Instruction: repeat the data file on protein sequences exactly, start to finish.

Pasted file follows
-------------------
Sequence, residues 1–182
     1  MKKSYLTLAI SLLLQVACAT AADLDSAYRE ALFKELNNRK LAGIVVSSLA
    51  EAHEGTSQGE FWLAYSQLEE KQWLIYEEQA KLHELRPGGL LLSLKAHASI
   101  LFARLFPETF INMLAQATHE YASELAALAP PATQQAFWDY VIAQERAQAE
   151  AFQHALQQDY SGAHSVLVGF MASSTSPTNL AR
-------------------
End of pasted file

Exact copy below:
Sequence, residues 1–182
     1  MKKSYLTLAI SLLLQVACAT AADLDSAYRE ALFKELNNRK LAGIVVSSLA
    51  EAHEGTSQGE FWLAYSQLEE KQWLIYEEQA KLHELRPGGL LLSLKAHASI
   101  LFARLFPETF INMLAQATHE YASELAALAP PATQQAFWDY VIAQERAQAE
   151  AFQHALQQDY SGAHSVLVGF MASSTSPTNL AR